WHAT IS BLOOD PRESSURE: Blood pressure is made up of two measures, the force in the arteries when the heart beats and when the heart is at rest. When blood pressure is high, there is an increased risk of heart disease (which leads to heart attack) and stroke. It is most common in adults over age 35, and is especially prevalent in African Americans, the middle-aged and elderly, obese people, heavy drinkers, and women who are taking birth control pills. Those with diabetes, gout or kidney disease are also prone to suffer from high blood pressure. Reducing blood pressure is associated with lowering the risk of stroke, heart attack, heart failure and kidney disease. Lowering salt intake is one of several steps that can contribute to lowering blood pressure.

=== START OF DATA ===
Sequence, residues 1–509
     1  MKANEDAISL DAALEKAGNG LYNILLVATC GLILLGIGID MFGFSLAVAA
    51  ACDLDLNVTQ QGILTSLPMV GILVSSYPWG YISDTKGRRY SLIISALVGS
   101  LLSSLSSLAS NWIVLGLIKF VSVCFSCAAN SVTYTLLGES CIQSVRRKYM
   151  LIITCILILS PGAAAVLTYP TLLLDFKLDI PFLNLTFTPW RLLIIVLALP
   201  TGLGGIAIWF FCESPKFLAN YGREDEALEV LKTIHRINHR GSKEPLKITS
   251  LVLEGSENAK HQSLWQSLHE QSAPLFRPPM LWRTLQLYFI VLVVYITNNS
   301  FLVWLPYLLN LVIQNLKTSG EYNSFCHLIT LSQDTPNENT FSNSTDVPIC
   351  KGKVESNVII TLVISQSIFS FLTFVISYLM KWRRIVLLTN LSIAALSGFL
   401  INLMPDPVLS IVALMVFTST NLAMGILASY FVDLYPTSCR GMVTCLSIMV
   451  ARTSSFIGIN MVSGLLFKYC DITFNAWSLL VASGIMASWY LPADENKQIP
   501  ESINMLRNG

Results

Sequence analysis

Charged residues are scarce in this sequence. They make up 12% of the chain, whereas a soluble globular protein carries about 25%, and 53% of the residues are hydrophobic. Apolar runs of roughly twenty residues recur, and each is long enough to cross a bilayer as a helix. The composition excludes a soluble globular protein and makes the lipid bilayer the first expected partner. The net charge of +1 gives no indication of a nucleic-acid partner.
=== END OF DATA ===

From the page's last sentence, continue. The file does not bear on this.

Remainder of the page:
ABOUT THE KIDNEYS: The kidneys are major organs with the function to remove waste products and excess fluid from the body via the production of urine. In the process, they also regulate the body's salt, potassium and acid content, and produce hormones that affect the function of other organs, such as red blood cell production, or regulating blood pressure. There are two kidneys, each the size of a fist, located on either side of the spine at the bottom of the rib cage. Each kidney is made up of as many as a million functioning units called nephrons: a filtering unit of tiny blood vessels attached to a tubule. When blood enters the vessels in the nephrons, it is filtered and the remaining fluid passes through the tubule, where chemicals and water are either added or subtracted -- depending on the body's need at the time -- to eventually produce urine. The kidneys process about 200 quarts of fluid every 24 hours.